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Chapter 54

Unit 9 - Chapter 54 Bio 1M03 .docx
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Department
Biology
Course
BIOLOGY 1M03
Professor
James S Quinn
Semester
Winter

Description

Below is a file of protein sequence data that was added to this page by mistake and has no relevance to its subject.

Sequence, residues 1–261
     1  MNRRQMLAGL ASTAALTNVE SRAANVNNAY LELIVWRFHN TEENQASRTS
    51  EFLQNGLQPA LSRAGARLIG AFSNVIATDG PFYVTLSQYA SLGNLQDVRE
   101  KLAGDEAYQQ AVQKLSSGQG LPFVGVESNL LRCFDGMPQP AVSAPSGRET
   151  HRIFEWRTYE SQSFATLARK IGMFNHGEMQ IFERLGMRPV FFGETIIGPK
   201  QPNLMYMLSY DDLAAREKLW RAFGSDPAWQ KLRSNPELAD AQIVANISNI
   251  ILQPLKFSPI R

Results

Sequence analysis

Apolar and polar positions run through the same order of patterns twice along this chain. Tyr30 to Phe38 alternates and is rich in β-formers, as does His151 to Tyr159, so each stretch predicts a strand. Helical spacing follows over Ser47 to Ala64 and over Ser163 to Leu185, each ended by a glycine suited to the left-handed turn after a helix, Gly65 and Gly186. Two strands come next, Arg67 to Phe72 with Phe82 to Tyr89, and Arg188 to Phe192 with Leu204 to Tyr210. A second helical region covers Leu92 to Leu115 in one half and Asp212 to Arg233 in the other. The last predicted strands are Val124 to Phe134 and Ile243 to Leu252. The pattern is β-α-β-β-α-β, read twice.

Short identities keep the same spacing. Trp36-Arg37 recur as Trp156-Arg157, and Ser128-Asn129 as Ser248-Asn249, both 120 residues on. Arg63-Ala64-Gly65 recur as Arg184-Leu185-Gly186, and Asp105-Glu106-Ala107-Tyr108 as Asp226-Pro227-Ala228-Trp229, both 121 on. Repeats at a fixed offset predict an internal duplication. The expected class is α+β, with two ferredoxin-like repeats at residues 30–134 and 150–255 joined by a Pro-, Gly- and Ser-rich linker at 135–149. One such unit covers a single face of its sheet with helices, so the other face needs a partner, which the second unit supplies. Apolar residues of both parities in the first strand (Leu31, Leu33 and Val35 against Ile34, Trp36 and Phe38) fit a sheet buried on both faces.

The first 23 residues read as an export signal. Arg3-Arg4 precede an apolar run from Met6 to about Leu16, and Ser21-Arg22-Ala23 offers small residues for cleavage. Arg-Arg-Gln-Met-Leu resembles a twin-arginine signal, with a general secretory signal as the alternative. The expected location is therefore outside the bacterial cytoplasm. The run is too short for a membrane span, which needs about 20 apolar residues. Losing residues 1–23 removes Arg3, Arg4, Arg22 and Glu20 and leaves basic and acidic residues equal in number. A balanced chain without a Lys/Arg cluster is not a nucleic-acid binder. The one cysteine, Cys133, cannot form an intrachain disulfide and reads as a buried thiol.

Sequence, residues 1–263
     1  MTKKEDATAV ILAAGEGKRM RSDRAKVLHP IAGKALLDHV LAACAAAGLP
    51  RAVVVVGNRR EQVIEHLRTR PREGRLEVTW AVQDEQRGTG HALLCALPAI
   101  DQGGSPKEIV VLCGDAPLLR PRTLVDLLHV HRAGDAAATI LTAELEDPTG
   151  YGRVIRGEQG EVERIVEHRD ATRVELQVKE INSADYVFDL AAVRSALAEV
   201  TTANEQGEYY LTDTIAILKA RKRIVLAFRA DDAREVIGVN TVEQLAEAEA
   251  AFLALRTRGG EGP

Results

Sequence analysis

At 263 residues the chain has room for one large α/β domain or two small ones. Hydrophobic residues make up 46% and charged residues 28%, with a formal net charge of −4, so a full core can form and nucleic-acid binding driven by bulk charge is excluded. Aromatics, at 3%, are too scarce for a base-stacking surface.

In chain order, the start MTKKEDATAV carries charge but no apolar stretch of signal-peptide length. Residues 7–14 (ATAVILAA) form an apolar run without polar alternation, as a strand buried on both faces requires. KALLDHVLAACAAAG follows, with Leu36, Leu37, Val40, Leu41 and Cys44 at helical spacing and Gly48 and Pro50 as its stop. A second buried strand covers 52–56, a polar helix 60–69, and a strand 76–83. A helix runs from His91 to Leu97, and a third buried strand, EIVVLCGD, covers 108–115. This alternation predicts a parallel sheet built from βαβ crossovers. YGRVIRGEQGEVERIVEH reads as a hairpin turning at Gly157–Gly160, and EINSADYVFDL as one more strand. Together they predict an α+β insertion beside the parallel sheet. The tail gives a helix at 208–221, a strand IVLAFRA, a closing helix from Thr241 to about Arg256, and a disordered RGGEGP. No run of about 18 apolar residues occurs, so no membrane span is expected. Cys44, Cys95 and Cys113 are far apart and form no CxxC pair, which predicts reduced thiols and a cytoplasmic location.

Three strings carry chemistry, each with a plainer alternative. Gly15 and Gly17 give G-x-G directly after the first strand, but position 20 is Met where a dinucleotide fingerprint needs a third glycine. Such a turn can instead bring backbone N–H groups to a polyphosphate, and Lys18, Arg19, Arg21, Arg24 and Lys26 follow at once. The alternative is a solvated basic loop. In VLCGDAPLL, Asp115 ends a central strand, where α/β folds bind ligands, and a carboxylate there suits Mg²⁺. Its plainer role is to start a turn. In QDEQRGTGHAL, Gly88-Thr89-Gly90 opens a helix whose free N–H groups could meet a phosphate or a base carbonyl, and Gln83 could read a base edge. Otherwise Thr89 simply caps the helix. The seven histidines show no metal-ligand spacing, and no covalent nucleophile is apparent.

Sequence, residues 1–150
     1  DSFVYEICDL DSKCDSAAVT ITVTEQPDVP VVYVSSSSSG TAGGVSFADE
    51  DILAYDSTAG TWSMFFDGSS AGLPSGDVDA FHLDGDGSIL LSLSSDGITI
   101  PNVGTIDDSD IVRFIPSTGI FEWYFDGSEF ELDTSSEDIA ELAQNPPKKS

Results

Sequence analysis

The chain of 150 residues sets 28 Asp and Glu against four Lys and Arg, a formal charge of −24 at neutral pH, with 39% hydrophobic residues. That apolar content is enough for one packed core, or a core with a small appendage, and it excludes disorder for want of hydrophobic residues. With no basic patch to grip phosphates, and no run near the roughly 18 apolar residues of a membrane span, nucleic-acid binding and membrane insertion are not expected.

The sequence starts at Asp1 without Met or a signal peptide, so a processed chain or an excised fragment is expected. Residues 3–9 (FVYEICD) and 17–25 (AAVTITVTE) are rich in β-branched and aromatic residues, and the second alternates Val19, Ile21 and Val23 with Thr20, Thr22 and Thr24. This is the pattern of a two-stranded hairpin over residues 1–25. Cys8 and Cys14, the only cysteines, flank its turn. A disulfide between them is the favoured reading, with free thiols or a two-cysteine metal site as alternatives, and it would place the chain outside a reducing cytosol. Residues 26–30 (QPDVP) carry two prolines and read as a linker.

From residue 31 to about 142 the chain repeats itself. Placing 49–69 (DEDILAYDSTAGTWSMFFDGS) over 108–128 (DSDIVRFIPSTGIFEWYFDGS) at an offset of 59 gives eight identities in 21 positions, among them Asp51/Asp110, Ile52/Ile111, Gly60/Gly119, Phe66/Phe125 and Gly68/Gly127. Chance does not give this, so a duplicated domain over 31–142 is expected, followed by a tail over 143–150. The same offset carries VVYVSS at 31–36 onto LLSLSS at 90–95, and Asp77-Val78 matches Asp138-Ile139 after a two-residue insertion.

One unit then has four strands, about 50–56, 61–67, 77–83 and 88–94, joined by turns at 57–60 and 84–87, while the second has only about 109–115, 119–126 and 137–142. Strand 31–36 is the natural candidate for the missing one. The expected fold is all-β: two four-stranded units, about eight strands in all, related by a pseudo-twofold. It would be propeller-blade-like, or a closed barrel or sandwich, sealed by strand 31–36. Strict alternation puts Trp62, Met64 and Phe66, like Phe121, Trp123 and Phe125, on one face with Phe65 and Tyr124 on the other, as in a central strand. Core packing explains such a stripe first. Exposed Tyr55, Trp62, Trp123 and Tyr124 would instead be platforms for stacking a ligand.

Bio 1M03 Unit Nine: Ecology Chapter 54: Ecosystems  Ecosystem – the organisms that live in an area together with their physical, or abiotic, environment 54.1 Energy Flow and Trophic Structure  Ecosystems have four components that are linked by a flow of energy 1. The abiotic environment  Includes soil, climate, the atmosphere, the Sun and the particulate matter and solutes in water 2. Primary producers  Autotroph – organism can synthesize own food (sugar) from inorganic sources (eg/ solar energy through photosynthesis, chemical energy contained in inorganic compounds such as2H , 4H 2 H S)  Use chemical energy (sugar) in two ways  Support maintenance or respiratory costs  Makes growth and reproduction possible o Net Primary Product (NPP) – energy invested in new tissue; represents the amount of energy that is available to consumers and decomposers 3. Consumers  Eat living organisms  Herbivores – eat plants  Carnivores – eat animals 4. Decomposers (detritivores)  Obtain energy by feeding on the dead remains of other organisms or waste products Global Patterns in Productivity  NPP on land declines from the equator toward the poles (desert are exceptions – not productive)  Marine productivity is highest along coastlines – can be high near the poles  Open ocean is as productive as a desert (not very productive)  Productivity of terrestrial ecosystems  limited by a combination of temperature and availability of water and sunlight  Marine Ecosystems (Open Ocean) – low productivit limited by availability of nutrients o Neritic and intertidal zones along coasts receive nutrients from  Rivers that carry and deposit nutrients from terrestrial ecosystems  Near shore ocean currents that bring nutrients from the cold, deep water of the oceanic zone back up to the surface  Both are absent in the surface waters of open ocean – explains low productivity o Nutrients found in organisms near the surface of open ocean (where sunlight is abundant), constantly fall to dark, deeper waters in the form of dead cells and are lost o Iron, zinc and magnesium are important; required for enzyme cofactors How Does Energy Flow Through an Ecosystem?  NPP results in biomass  chemical energy in primary producers eventually moves on to primary consumers or primary decomposers o Biomass – organic material that non-photosynthetic organisms can eat  Herbivores (primary consumers) – consume only a small percentage of plant tissue; rest of tissue dies  Primary decomposers consume detritus (the dead tissues that are not consumed by herbivores) 1 Bio 1M03 How Does Energy Flow through an Ecosystem?  Trophic (“feeding”) Level – organisms that obtain their energy from the same type of source  Food Chain – connects trophic levels in a particular ecosystem; describe how energy moves from one trophic level to another o Grazing Food Chain – collection of organisms that eat plants, along with organisms that eat herbivores  Secondary consumers – organisms that eat herbivores  Organisms at top trophic level are not killed and eaten by any other organism but enter the decomposer food chain when they die (along with biomass from dead primary producers and other consumers) o Decomposer Food Chain – starts with primary decomposer; includes primary consumers that specialize in eating primary decomposers  At higher levels, decomposer chain and grazing chain merge  Food Web – compact way of summarizing energy flows and documenting the complex trophic interactions that occur in communities Why Is Energy Lost at Each Tropic Level?  The total biomass produced each year declines from lower trophic levels up to the higher levels o Much of the NPP produced is unavailable to primary consumers (eg/ lignin on wood is indigestible) o NPP that is consumed by herbivores is lost as heat or used in metabolism o Many herbivores (primary consumers) defend themselves against secondary consumers or die of other causes o Some energy that is consumed by secondary consumers is lost as heat, used in metabolism or used to capture prey Limitations to Food Chain Length – food chains have one to six links  Hypothesis 1: Energy Transfer o As energy is transferred up the food chain, a large fraction of energy is lost o Prediction: There should be more trophic levels in ecosystems with higher productivity or higher efficiency of energy transfer  no evidence  Hypothesis 2: Stability o Long food chains are easily disrupted by droughts, floods or other disturbances; thus are eliminated o Long food chains take longer to return to previous state following a disturbance than short food chains 2 Bio 1M03 o Long food chains are unlikely to persist in a variable environment o Prediction: Length of food chain should increase with the stability of the environment  proven; still testing  Hypothesis 3: Environmental Complexity o Food chain length is a function of an ecosystems physical structure; three dimensional ecosystems (e/g forests) should have longer food chains than two dimensional sites (eg/ grasslands, tundra) o Prediction: Food webs are longer in three-dimensional ecosystems  proven Analyzing Energy Flow: A Case History – Hubbard Broke Experimental Forest in New Hampshire  General Principles (Review) 1. In terrestrial and marina ecosystems – NPP varies with region and biome 2. Land – limitations to productivity are warmth and moisture 3. Aquatic Habitats – limitation to productivity is nutrient availability 4. Chemical energy in biomass flows into consumer or decomposer food web, then passed up a series of trophic levels 5. Terrestrial Ecosystems – total biomass declines with each trophic level  Gross Primary Productivity – total amount of photosynthesis in a given area and time period o Found to be 10 400 kcal/m2  Gross Photosynthetic Efficiency – efficiency with which pants use the total amount of energy available to them, as the ratio of gross photosynthesis to solar radiation in kilocalories per square meter o 10 400 kcal/m / 1 254 000 kcal/m = 0.8% 2  1 254 000 kcal/m = amount of sun that reached the forest How Does Energy Flow Through The Hubbard Brook Ecosystem?  Energy that entered the consumer food web varied from 1% - 40%  Eg/ Chipmunks – seed predators; primary consumers 2 o Harvest 31 kcal/m of energy o 17.7% is unused and excreted o 80.7& is lost to respiration and other maintenance processes o 1.6% if the yearly 31 kcal/m goes into production of new chipmunk tissue by growth and reproduction  Secondary Production – production of new tissue by primary consumers o Higher in ectotherms and than endotherms; ectotherms rely principally on heat gained from the environment and do not oxidize sugars to keep warm, devote less energy to cellular respiration  About 75% of total NPP is not eaten while alive – energy enters decomposer food web and is passed up subsequent trophic levels o Energy enters decomposer food web and is passed up subsequent trophic levels, just as it is in the consumer food web o Large amount of energy leaves the decomposer food web in the form of detritus that washes into streams – major source of energy for aquatic organisms 54.2 Biogeochemical Cycles  Biogeochemical (“life-Earth-chemical” Cycle – path that an element takes as it moves from abiotic systems through organisms and back again o Carbon, Nitrogen, Phosphorus, Calcium and other elements act as nutrients and are also reused as they cycle through the trophic levels and air, water and soil (not just energy)  Focus on 1. The nature and size of reservoirs (areas where elements are stored for a period of time)  In the case of carbon; the biomass of living organisms, sediments, soils, coal and oil 2. The rate at which elements move between reservoirs, and the factors that influence these rates  Global photosynthetic rates measure the rate of carbon flow from2CO in the atmosphere to living biomass 3 Bio 1M03  When fossil fuels burn, carbon that was buried in coal or petroleum move into the atmosphere as CO2 3. Interaction between the biogeochemical cycle and other cycles  Eg/ how changes in the nitrogen cycle affect carbon Biogeochemical Cycles in Ecosystems 1. Nutrients are taken up from the soil by plants and assimilated into plant tissue 2. Plant is eaten – nutrients pass to the animal members of the ecosystems consumer food web 3. Plant dies – nutrients enter the decomposer food web 4. Once plant is consumed by animal – nutrients are excreted in fecal matter or urine and are taken up by a parasite or predator, or added to the dead biomass reservoir when animal dies 5. Nutrients in plant litter, animal excretions and dead animal bodies are used by bacteria, archaea, roundworms, fungi, other primary decomposers 6. The microscopic decomposers and the ions and molecules they release combine to form the soil organic matter 7. Soil organic matter – complex mixture of partially and completely decomposed detritus 8. Humus – completely decayed organic matter; rich in humic acids (a family of carbon-containing molecules) 9. Eventually nutrients in soil organic matter are converted to an inorganic form o Eg/ Cellular respiration by soil-dwelling bacteri+ and archaea con-erts the nitrogen present in animal acids that are found in detritus to ammonium (NH4) or nitrate (NO3) ions  nutrients available for plant uptake  Nutrients are reused – but not completely  Nutrients lea